How the tips of our chromosomes are protected
The Royal Netherlands Academy of Arts and Sciences has awarded the 2012 Dr H.P. Heineken Prize for Biochemistry and Biophysics (USD 150,000) to Professor Titia De Lange, Leon Hess Professor at Rockefeller University in New York (USA). She is receiving the prize for her research on telomeres, the protective DNA sequences located at the tips of chromosomes, which play a crucial role in such processes as ageing and cancer.
Every human cell has a nucleus containing chromosomes. Each of the chromosomes consists of a long, continuous strand of DNA, a chemical ribbon that codes the genetic information passed on from one generation of cell to the next.
The biochemical machinery of human cells is designed to see breaks in the DNA ribbon as “defects” and to glue the loose ends together again. Fortunately, that machinery ignores the chromosome ends. Thanks to Titia De Lange and her research group, we now understand why.
De Lange has demonstrated that the DNA molecules at the chromosome ends arrange themselves into T-shaped loops. The cell machinery therefore does not see them as “breaks” requiring quick repair.
De Lange was the first to suggest that telomeres are shielded from the cell machinery in other ways as well. Her ideas turned out to be correct. She has in fact played a major role in unravelling the protein complex that protects the telomeres – a shield that she has named the “shelterin complex”.
De Lange and her group have even identified two protein molecules within the complex, Terminal Restriction Fragment (TRF) 1 and 2. She has shown that TRF2 suppresses the cell’s repair system at the chromosome ends; if this protein is absent, the cell will “repair” the chromosome ends by mistake.
Previously, she discovered that TRF1 prevents the telomeres in healthy, self-renewing tissue such as skin from becoming shorter at each cell division, and hence from ageing too rapidly. In tumour cells, which divide endlessly without growing “old”, the same protein molecule is frequently overactive.
Telomeres and the shelterin complex play a major role in healthy and sick cells. De Lange’s important and original research will therefore have huge implications for health care.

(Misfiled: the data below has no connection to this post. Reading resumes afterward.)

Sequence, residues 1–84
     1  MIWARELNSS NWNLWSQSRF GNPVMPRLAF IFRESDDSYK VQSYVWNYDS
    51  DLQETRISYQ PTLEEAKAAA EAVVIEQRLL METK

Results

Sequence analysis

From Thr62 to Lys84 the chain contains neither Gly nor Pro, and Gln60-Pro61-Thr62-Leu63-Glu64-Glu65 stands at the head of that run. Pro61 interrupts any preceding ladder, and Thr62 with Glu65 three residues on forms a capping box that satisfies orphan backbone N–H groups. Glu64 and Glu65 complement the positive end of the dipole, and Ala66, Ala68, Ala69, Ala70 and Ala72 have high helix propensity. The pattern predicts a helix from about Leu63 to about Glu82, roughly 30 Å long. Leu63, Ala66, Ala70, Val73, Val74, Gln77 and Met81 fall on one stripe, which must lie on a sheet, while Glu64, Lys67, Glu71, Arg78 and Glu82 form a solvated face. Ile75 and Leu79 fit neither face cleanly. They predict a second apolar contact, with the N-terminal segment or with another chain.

Titia De Lange was born in Rotterdam, the Netherlands in 1955. She studied at the University of Amsterdam and obtained her PhD at the Netherlands Cancer Institute in Amsterdam, studying under Professor Piet Borst.
She was a postdoctoral fellow in the laboratory of Nobel laureate Harold Varmus at the University of California, San Francisco (UCSF). In 1990 she went to the Rockefeller University in New York. She was appointed professor there in 1997 and since 2011 has been the co-director of the university's Anderson Center for Cancer Research.
Titia De Lange has received many other prizes and distinctions during her career. She is the recipient of the 2011 Vilcek Prize in Biomedical Science, the 2010 AACR Clowes Memorial Award, and the 2008 Massachusetts General Hospital Cancer Center Prize. In 2003, the University of Utrecht awarded her an honorary doctorate.
She is a member of the Royal Netherlands Academy of Arts and Sciences, the European Molecular Biology Organization (EMBO), the American Academy of Arts and Sciences, the American Association for the Advancement of Science (AAAS), and the American National Academy of Sciences.
- Loayza, D., and de Lange, T. (2003). POT1 as a terminal transducer of TRF1 telomere length control. Nature 424, 1013-1018.
- van Steensel, B., Smogorzewska, A., and de Lange, T. (1998). TRF2 protects human telomeres from end-to-end fusions. Cell 92, 401-413.
- Smogorzewska, A., van Steensel, B., Bianchi, A., Schnapp,,G., Schaefer, M. R., Oelmann, S., and de Lange, T. (2000) Control of human telomere length by TRF1 and TRF2. Mol. Cell Biol. 20: 1659-1668.
- de Lange, T. (2005). Shelterin: the protein complex that shapes and safeguards human telomeres. Genes Dev 19, 2100-2110.
- Lazzerini Denchi, E., and de Lange, T. (2007). Protection of telomeres through independent control of ATM and ATR by TRF2 and POT1. Nature 448, 1068-1071.
The Dr H.P. Heineken Prize for Biochemistry and Biophysics is named after Henry Pierre Heineken, Alfred Heineken’s father, who was himself a biochemist. It is the oldest of the six Heineken Prizes and was first awarded in 1964. Previous laureates include Christian de Duve (later a recipient of the Nobel Prize in Medicine), Piet Borst, Michael Berridge, Paul Nurse (Nobel Prize in Medicine), Andrew Fire (Nobel Prize in Medicine), Alec Jeffreys and Jack Szostak (Nobel Prize in Medicine). The jury for this prize was chaired by Ben Feringa.
The Heineken Prizes will be presented on Thursday 27 September 2012 during an extraordinary meeting of the Royal Netherlands Academy of Arts and Sciences.